Can't we live peacefully?

Evolution of violenceCivilized humanity has not become more peaceful

Dean Falk has studied hundreds of brains over the past few decades. This includes not only that of Albert Einstein, but also that of many human ancestors and distant early human relatives - such as the brain of Homo floresiensis, the type of human being known as the hobbit, whose representatives lived on the Indonesian island of Flores until around 60,000 years ago and only around one Meters tall.

"There aren't that many fossilized brains from the early days of humans, but enough to study the evolution of the brain over the past millions of years. In addition, there are studies on chimpanzees, both with regard to the brains and their behavior."

No signs of more peacefulness

The paleoneurologist from Florida State University in Tallahassee researches the origins of language and the beginnings of human intelligence.

"We know when the brain got bigger, that began around 3.5 million years ago. The human brain has not only changed in size, but has also developed special features, such as the function and shape of the Broca center in the This is where the language center is located. We do not see this feature in monkeys. "

Many researchers consider the complex spoken language to be one of the prerequisites for the global expansion of humans. During the hikes, our ancestors also met other groups and these encounters were not always peaceful.

"But we can be sure that the violence was there earlier, because even chimpanzees wage wars and kill each other. The origins of war and violence go very far back. War involves the development of weapons and strategic planning - both products of one Brain that has become bigger and more powerful over time. So today's wars are also the result of the evolution of our brain. "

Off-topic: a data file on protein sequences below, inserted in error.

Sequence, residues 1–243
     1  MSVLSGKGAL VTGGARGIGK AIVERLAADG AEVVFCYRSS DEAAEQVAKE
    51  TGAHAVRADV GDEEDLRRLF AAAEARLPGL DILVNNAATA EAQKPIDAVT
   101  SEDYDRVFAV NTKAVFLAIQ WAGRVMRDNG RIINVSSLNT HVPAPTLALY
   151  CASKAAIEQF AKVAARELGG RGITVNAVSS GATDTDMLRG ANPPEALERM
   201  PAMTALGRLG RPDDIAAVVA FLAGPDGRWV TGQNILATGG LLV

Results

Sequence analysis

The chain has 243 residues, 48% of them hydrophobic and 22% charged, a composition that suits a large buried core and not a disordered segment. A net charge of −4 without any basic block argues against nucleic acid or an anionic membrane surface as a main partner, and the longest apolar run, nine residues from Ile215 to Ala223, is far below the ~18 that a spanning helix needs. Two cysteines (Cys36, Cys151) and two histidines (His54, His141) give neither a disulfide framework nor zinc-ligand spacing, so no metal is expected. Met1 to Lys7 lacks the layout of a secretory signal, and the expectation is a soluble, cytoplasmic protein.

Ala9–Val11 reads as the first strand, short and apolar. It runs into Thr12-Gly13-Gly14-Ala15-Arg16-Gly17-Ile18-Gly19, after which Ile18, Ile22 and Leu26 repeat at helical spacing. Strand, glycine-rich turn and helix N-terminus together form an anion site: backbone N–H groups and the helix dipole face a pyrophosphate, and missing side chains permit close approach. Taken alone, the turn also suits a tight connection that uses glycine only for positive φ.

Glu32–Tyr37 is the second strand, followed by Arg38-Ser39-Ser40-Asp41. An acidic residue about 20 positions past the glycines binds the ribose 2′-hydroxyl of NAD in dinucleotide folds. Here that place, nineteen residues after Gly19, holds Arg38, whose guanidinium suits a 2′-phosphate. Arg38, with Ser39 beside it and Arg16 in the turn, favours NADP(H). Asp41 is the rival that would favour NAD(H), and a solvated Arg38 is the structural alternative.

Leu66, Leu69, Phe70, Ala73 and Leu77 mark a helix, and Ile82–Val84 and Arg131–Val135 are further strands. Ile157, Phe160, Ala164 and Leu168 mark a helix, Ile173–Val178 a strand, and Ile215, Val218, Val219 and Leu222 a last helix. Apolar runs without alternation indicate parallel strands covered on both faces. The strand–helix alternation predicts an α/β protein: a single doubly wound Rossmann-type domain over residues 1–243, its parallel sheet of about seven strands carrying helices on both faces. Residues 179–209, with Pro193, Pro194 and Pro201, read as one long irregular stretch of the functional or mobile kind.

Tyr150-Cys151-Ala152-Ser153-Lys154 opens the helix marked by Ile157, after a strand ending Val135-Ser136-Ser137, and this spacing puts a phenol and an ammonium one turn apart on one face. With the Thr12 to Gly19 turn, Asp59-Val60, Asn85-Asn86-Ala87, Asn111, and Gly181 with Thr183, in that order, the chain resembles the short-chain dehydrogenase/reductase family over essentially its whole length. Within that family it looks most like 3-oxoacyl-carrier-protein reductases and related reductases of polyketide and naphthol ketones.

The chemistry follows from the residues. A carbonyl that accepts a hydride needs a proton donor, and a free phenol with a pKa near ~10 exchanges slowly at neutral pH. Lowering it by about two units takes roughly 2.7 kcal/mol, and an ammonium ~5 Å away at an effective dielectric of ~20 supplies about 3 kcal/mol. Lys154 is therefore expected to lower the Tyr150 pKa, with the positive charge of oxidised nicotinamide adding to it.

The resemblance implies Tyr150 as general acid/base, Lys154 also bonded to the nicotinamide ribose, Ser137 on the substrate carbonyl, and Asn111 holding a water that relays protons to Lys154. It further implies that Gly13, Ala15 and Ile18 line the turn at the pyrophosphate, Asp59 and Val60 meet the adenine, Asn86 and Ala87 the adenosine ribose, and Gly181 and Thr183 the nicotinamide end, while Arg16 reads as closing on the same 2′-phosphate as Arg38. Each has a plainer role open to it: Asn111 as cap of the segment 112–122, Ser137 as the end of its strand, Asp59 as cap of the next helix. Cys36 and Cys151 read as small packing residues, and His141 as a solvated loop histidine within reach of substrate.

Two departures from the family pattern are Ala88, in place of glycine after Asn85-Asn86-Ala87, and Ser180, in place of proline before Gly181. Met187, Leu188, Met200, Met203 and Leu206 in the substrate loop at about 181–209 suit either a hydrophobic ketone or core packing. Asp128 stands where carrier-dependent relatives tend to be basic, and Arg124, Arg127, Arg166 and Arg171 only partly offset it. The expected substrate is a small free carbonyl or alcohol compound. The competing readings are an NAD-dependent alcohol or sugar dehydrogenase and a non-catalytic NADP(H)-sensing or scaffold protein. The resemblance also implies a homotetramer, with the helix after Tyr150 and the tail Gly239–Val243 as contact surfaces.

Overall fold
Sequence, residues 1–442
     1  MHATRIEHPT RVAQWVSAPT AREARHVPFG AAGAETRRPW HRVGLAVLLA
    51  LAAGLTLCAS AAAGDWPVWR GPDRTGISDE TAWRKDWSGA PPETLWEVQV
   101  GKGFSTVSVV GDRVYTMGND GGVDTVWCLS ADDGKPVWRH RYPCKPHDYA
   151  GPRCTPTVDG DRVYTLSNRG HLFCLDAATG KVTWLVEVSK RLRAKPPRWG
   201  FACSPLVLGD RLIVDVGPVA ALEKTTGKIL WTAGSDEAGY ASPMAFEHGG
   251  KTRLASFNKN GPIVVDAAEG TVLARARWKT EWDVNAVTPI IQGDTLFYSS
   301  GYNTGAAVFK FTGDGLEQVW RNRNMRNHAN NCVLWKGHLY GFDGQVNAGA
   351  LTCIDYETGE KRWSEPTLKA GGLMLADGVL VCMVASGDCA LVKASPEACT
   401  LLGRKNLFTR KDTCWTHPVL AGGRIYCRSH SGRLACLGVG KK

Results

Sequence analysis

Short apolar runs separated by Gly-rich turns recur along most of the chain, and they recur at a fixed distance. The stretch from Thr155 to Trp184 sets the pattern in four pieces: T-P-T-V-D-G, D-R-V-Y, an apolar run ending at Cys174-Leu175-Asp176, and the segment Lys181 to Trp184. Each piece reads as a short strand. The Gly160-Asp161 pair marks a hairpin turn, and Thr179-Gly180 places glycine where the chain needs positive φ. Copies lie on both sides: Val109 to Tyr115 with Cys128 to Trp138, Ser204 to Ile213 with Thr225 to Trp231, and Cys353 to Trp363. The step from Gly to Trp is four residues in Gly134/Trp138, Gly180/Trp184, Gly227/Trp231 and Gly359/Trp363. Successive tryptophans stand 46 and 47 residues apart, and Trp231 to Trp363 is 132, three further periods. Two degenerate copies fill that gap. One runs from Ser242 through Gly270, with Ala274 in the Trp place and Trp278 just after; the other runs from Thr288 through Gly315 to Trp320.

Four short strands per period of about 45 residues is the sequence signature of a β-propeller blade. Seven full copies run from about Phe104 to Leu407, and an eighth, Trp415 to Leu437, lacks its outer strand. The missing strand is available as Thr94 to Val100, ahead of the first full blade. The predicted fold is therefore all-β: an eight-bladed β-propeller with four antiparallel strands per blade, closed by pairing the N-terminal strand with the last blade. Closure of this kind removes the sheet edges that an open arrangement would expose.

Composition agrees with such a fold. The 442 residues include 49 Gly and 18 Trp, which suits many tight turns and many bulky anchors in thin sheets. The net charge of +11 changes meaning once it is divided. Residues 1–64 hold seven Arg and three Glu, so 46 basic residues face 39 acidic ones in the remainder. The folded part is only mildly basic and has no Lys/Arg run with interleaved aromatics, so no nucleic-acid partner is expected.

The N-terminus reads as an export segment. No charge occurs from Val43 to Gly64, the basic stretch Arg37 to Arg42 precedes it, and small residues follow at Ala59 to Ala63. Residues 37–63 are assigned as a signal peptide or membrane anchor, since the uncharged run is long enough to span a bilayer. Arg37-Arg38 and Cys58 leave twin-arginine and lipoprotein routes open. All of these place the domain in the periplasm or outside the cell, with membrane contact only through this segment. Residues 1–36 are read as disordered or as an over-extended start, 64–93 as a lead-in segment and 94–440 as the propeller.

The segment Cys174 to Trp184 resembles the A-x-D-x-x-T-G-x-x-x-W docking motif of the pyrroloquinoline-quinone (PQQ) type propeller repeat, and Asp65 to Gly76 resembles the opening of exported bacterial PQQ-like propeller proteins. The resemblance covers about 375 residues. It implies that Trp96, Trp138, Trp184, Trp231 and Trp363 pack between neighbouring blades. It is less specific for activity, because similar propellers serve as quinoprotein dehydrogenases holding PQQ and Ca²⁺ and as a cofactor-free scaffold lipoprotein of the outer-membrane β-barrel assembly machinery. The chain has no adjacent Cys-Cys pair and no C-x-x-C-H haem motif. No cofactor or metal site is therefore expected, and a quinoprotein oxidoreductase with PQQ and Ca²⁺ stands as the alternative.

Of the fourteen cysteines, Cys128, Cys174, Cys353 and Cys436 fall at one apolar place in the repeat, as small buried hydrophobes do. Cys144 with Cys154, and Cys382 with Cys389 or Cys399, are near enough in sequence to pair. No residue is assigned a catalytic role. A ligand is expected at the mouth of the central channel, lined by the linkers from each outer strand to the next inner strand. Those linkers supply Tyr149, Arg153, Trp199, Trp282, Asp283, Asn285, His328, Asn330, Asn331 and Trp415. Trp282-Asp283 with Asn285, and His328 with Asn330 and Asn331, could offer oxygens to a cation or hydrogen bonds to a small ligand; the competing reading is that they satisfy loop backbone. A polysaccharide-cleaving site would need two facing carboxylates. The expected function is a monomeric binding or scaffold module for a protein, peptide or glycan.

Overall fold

Compare chimpanzees, hunters, gatherers, and modern states

In order to investigate the origin and extent of the violence, Dean Falk analyzed the data of armed conflicts. To do this, she took the figures from eleven groups of chimpanzees, as well as 24 conflicts between hunter-gatherer communities, the surveys of 19 states that fought in World War I, and data from 22 states from World War II. She wanted to find out how the conflicts differ. The main criterion was the number of people killed per year compared to the size of the population. She has just presented her results in the journal "Current Anthropology".

"There is a view that humanity is peaceful and civilized, that is the thesis of Harvard researcher Steven Pinker. I am concerned about this feel-good message because it is not true. This peaceful thesis cannot be derived from our data."

In 2011 Steven Pinker dealt with this topic in his book "Violence: A New History of Humanity". His result back then. The larger and more civilized the groups, the fewer people die in percentage terms. His conclusion: at least civilized humanity has become more peaceful. Dean Falk cannot understand this argument.

Civilization has not become poorer in war. Only the chance of surviving an armed conflict increases with the size of a population. However, in the course of their development, humans have developed more and more powerful weapons that can kill more and more people, sometimes in one fell swoop. "Civilized people", concludes Dean Falk, are therefore no less violent than their ancestors.